Thursday, August 31, 2006

Voltes V after 29 years

It is said that Philippine President Ferdinand E Marcos axed Voltes V off the air in late 1979 after that Zul planning -a -coup –against- Prince Zardoz episode was aired. In that episode, the Boazanian adviser and general Zul planned to use Dr Ned Armstrong (the father of three of Voltes V’s pilots) to build a replacement Voltes (after trying to deceive Armstrong that Voltes was destroyed by a beast fighter). Armstrong saw through the deception and so did Zandra ( Zardoz’s assistant who harboured a love interest). In the end, Zul’s plan was exposed and he was executed.

Now Voltes V is almost 30 years old. It is perhaps the only anime that may have catalyzed the political maturity of a whole generation of children. Much has been written about how this generation led the 1986 EDSA people power revolt. But when Voltes V was aired and sponsored by a Filipino hotdog manufacturer, the establishment thought that it was just any cartoon show, mere fantasy.

Cartoon shows beforehand were American and these shows never delved into politics (although the Looney Tunes may have some reference to American electoral politics). But the Japanese anime had. While the anime ”Robot” shows as they were called then celebrated Japanese values (filial piety, loyalty, resilience and all the bushido values and the ability to borrow from Foreigners and make them their own), these values would have been in jibe with what the Marcos New Society ideology required, the subtext for these values was political.

Not only there was a factionalist subtext with the Boazanians, but also with the Earth. Curiously, there is reference to Japan and but no reference to the United States. The USA was referred to as the country where Mark’s family immigrated. Now Voltes V was produced at the height of the Cold War when Japan was completely allied to the US. Japan was the “unsinkable aircraft carrier” off Russia and China. Japan couldn’t have a standing army and thus had to call its army “Self Defence Forces”. Japan couldn’t make nuclear weapons. Japan in its General Macarthur decreed constitution forever renounced war as an instrument of policy.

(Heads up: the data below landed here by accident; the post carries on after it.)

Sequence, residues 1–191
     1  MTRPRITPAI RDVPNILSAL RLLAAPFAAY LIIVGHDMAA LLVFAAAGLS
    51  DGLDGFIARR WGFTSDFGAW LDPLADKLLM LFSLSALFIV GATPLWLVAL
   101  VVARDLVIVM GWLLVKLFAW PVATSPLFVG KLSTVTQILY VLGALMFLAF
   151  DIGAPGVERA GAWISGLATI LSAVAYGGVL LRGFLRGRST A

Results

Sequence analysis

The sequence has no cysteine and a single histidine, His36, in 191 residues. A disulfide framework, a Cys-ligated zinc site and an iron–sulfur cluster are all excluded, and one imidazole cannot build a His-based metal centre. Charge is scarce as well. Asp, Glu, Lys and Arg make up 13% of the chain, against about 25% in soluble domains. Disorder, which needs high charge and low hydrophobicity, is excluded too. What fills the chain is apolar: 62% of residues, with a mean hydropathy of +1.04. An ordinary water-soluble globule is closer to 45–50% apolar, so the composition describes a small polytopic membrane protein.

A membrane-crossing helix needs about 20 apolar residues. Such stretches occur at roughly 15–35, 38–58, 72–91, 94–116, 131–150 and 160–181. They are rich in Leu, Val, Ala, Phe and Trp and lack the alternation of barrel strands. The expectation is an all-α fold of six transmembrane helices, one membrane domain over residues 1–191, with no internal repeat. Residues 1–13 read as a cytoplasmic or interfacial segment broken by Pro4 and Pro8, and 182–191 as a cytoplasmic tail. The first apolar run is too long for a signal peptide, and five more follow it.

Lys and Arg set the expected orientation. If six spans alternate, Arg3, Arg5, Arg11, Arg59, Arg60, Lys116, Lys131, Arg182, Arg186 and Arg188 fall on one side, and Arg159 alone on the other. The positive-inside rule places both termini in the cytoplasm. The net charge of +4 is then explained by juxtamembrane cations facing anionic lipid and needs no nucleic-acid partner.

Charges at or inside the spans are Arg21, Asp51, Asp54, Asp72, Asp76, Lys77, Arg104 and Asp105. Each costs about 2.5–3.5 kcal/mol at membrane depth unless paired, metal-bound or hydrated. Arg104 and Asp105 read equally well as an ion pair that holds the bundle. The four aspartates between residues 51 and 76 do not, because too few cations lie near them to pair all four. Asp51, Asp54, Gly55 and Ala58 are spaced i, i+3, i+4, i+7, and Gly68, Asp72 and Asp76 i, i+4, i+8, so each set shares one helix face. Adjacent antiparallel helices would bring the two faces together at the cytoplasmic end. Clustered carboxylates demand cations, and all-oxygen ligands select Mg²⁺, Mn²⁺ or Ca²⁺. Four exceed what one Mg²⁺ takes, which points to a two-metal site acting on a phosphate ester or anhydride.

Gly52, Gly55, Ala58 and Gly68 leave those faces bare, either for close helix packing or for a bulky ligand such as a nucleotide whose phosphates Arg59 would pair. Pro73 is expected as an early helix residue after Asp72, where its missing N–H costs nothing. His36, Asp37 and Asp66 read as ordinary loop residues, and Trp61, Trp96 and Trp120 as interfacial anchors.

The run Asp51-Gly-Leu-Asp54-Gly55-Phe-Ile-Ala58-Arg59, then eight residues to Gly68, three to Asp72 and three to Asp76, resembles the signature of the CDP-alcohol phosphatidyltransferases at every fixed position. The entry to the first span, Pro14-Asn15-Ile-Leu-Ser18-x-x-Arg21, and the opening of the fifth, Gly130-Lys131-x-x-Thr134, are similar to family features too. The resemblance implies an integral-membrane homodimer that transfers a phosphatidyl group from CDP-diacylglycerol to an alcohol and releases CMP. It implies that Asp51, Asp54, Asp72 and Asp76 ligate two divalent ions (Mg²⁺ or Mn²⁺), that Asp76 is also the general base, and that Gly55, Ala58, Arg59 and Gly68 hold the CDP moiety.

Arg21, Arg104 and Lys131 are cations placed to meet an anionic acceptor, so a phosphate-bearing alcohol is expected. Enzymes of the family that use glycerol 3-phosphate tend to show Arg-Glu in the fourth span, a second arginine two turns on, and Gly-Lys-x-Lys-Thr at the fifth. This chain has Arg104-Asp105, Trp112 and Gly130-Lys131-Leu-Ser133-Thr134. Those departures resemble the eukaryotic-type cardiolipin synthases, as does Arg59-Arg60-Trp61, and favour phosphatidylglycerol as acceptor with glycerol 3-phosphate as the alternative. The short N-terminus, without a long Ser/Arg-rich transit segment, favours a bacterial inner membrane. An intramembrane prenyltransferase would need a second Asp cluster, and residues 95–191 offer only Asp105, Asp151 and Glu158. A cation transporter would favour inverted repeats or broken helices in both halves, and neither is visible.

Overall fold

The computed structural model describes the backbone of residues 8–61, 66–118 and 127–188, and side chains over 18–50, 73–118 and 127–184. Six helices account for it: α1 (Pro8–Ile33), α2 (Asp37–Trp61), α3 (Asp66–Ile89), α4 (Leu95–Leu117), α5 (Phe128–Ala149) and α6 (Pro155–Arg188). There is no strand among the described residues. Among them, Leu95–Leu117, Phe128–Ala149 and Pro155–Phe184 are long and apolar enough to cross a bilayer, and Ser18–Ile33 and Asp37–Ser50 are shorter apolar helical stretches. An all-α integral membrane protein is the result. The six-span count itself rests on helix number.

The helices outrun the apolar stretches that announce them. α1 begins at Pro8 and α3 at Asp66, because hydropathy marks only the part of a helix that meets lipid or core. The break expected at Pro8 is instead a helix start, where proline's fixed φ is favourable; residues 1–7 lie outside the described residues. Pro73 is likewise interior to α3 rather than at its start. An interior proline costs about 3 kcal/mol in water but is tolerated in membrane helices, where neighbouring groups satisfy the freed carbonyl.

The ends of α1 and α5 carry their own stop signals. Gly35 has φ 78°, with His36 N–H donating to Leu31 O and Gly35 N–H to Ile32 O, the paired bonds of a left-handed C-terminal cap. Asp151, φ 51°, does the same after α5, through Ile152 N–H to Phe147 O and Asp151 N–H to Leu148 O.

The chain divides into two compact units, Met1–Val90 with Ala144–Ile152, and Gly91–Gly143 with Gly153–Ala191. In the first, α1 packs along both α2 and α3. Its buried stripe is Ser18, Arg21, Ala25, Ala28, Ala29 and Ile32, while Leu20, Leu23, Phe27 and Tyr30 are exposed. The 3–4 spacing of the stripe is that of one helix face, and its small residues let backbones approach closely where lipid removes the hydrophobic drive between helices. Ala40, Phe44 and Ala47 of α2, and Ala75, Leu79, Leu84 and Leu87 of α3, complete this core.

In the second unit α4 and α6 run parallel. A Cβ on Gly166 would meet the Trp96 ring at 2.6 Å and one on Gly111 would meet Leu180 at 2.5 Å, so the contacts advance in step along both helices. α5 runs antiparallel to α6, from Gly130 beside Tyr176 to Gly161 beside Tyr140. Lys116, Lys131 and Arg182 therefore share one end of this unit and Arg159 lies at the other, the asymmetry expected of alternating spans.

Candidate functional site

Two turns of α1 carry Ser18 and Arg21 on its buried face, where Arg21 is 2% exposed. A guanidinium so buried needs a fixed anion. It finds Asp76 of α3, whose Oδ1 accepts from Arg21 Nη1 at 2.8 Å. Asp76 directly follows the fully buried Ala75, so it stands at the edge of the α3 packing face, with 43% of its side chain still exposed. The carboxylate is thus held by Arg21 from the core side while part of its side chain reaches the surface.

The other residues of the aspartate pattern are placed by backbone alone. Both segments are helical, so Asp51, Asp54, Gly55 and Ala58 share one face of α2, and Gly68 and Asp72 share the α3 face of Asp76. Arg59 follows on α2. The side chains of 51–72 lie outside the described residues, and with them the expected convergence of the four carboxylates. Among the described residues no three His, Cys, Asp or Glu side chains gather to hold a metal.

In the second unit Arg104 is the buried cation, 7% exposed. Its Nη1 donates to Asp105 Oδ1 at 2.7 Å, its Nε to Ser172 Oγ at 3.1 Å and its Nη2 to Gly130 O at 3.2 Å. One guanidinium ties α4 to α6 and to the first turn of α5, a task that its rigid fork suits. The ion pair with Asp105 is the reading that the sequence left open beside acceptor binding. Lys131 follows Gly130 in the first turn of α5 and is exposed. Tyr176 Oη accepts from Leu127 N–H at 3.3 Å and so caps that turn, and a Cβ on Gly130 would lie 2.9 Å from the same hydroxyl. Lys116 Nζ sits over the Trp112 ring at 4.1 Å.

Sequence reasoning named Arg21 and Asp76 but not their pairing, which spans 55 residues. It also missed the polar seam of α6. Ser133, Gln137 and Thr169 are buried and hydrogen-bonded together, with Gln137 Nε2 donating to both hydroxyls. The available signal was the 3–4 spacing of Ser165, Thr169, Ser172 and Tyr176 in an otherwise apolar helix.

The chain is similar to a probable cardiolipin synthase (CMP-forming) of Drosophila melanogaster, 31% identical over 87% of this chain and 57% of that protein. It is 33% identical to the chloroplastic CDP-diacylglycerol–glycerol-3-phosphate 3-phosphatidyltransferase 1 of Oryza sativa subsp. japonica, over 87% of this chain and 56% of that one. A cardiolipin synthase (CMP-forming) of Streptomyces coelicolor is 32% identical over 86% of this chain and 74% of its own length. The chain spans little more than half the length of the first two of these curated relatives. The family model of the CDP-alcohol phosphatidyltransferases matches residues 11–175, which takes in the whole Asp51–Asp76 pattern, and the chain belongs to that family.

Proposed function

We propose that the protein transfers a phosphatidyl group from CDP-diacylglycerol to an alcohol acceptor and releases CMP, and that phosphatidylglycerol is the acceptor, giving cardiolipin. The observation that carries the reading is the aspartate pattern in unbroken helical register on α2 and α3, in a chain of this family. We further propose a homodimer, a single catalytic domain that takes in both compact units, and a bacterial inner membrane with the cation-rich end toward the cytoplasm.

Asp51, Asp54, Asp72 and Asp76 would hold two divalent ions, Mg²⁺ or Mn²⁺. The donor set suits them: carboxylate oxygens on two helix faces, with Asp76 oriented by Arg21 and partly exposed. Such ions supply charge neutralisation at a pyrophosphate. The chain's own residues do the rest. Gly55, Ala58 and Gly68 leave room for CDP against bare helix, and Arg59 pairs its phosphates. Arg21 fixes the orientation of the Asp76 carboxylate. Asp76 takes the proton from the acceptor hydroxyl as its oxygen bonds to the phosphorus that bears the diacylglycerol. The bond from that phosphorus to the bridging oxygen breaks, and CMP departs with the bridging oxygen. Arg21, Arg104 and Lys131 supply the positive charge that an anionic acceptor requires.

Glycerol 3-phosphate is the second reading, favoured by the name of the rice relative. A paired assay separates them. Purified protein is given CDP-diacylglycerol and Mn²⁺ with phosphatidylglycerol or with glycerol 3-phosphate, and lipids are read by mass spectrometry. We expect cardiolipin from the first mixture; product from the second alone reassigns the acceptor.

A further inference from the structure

So when the planet was attacked by aliens, Japan would be the logical place to have Camp Big Falcon without any need for the United States. Well Camp Big Falcon is an example of a Japanese trait, and that is borrowing from foreigners, in this case Boazanians, and making it their own. Even in this anime show, there is an effort to separate what is innately Japanese with that borrowed from the West. Nothing is as obvious when the central characters in Voltes V practiced their Budo or martial arts.

The leaders of the defence of the Earth, I presume had PhDs! After all why would they be addressed as “sensei” in the Japanese version and “Doctor” in the Philippine English and “Professor” in the European versions. But unlike your usual academics, these PhDs had some sort of military training and probably got their degrees from a National Defence Academy. This should gladden the hearts of the pro-ROTC fans at the university.

That academe is enlisted in the service of the military has happened in World War II, in Japan, Germany and the US. As the two former countries were defeated it was only in the USA that the ties between academe and military were maintained. And we see this in fiction in all the 1970s robot anime made in Japan.

I doubt it that the Marcos regime saw it this way. The worst thing they did is when they axed the shows and the result was a whole generation of kids about to become young adults were left wondering who really piloted that mechanical eagle!

Such enduring questions have caused the downfall of a regime. The question is whether an anime show can cause the downfall of a government once more?

I doubt it. I was in Japan two years ago as a professor from the state university and I watched the anime in order to practice my rusting Japanese. Japan after more than a decade economic slump is a different place than that of my high school days. (I was a cultural exchange kid then). The anime had become more angst ridden. And in this post-modern milieu, respect for innately Japanese values I’d say, has changed. But this is Japan, what has changed may not be so. I was just a Gaijin who can speak some Japanese.

There are still things that haven’t changed. The Emperor is still held in respect. But there is a problem on how the succession will be in the future. No male has been born to the ruling family in 31 years. Only males can succeed to the throne.

Societies change. The past is another country. And that is Voltes V after 29 years.

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